Rachel takes Beth for a makeover, a holiday gift from Bailey and Rick, at “the most patient—and purple—salon in town.” Bailey hopes that it will lift Beth’s self-esteem, but Beth isn’t excited for it, since it will mean taking an afternoon off from the buses. While Beth refuses to let the beauticians wax her face, she agrees to a haircut, new hair color, new lipstick, and manicure. Olivia visits and compliments Beth, who doesn’t seem interested. Rachel thinks that Beth will probably reverse the makeover and go back to her old style in less than a day.
Rachel, Bailey, and Rick don’t expect to change Beth’s appearance or life forever through her makeover. However, they do hope that it will help her see that she can choose to live her life differently, if she wants to. But yet again, she rejects the possibility of change and affirms that she’s living exactly the life she wants. Even if Beth’s loved ones find her stubbornness frustrating, they know that Beth will ultimately make her own decisions, and they support those decisions for the sake of Beth’s self-determination.
While Beth tells Olivia to go out with Cliff, Olivia does her monthly check-in, asking Beth if she’s happy with the services she’s receiving. Olivia takes a photo of Beth with Rachel, but Beth doesn’t smile—she doesn’t want to look glamorous. Her mood improves as soon as she gets back on the buses, and all afternoon, she’s “almost silly with happiness.” In particular, she’s excited for the holidays: she has written cards and bought gifts for her family and all the bus drivers. She gives Rachel her gift, but Rachel says that she wants to wait and open it later.
The makeover does little to change Beth’s mind—she has already found her look, community, and vocation in life, and she intends to stick to her choices. Meanwhile, her eager gift-giving is a reminder of how deeply she values her wide network of friends and acquaintances. Even if she lacks empathy for them when they most need it, she still clearly does care about them in her own unique way.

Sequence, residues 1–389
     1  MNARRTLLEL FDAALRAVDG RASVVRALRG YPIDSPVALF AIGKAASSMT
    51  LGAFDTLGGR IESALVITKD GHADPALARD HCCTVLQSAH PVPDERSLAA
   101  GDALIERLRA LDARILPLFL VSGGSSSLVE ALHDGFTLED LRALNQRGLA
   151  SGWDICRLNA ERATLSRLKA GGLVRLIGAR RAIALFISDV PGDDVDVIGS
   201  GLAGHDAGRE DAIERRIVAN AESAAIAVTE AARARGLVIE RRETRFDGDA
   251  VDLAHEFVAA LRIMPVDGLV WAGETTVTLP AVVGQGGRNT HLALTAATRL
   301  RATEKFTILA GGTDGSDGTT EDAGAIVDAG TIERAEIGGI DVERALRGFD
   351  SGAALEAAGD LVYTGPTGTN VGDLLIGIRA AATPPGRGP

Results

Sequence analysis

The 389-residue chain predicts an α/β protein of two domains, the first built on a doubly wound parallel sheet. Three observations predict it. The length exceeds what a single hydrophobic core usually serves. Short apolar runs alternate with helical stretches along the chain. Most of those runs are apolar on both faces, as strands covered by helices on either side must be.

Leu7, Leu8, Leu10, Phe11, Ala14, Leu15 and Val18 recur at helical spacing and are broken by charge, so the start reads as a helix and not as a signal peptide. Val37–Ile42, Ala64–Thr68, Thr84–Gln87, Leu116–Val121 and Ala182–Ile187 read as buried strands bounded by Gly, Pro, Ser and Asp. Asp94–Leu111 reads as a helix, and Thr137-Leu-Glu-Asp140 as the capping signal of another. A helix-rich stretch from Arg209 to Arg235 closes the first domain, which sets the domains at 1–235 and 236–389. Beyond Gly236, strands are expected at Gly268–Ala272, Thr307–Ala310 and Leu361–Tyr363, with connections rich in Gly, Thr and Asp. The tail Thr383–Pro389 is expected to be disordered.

At night, Rachel is delighted that everything is going so well with Beth, and that they haven’t had any arguments. In the morning, Beth doesn’t even go to the living room and wake up Rachel, like usual. Rachel finds Beth in her bedroom, writing thank-you cards, with her hair back to its old style. Rachel thanks Beth for the extra bit of sleep and compliments her for writing the thank-yous. But Beth rudely replies that she had no other choice but to write the cards, because Rachel was in the living room. Beth also says that she only let Rachel keep sleeping because Jacob told her she had to. Rachel asks what’s wrong, and Beth says she doesn’t know.
Beth makes a concerted effort to treat Rachel more respectfully, but she also clearly resents having to do so. This is both a clear sign of progress and an indication of how hard it will be for her to genuinely change. On the one hand, Beth is finally taking concrete steps toward change, but on the other, she expects to be rewarded and accommodated during the process—which shows that she doesn’t understand that she’s actually supposed to change for the sake of others. In other words, she acts as though she’s being forced to change, rather than choosing it herself.
Rachel asks Beth for a towel, so that she can take a shower, and Beth replies, “I can’t stop you.” Then, Rachel’s “dark voice” clicks on—she’s so frustrated to have spent a year trying to understand Beth, only to have this kind of childish conflict again. Controlling the “dark voice,” Rachel calmly tells Beth that her comment wasn’t kind, and that it’s customary for hosts to offer their guests certain amenities like towels. Rachel asks for a towel again, but Beth gives her the same response. Rachel blurts out, “I hate you,” and runs to the shower. After she gets out, she apologizes and admits that she doesn’t hate Beth, just Beth’s rude behavior. But Rachel also says that Beth doesn’t seem to want her visiting, so maybe she should stop.
Rachel and Beth’s argument over the towel speaks strikes at the most fundamental issues in their relationship. Namely, Rachel still needs more patience in order to cope with Beth, while Beth still simply doesn’t understand that her behavior affects other people, who have rights and feelings just like her own. In fact, even after Rachel explains the general principle behind her request—that hosts have certain obligations to their guests—Beth continues to view her request as an unfair demand. Rachel starts to seriously question whether her love for Beth is strong enough to overcome this impasse, and whether anything will ever make Beth take other people into account.
Rachel and Beth visit Max, but they barely talk all day. Rachel realizes that this is how her time with Beth will end. It’s time to return to ordinary life—Rachel feels “free at last” but also more confident and social than before. When her neighbors all light candles on the street outside her apartment, for instance, she joins them for the first time.
Rachel realizes that she may have hit the limit of her ability to help and connect with Beth. But it’s impossible for her to know what’s truly responsible for this limit—it could be Beth’s disability, Rachel’s own impatience, or their relationship as sisters. Thus, Rachel prepares to end her yearlong journey full of new wisdom and confidence but unfortunately no closer to Beth.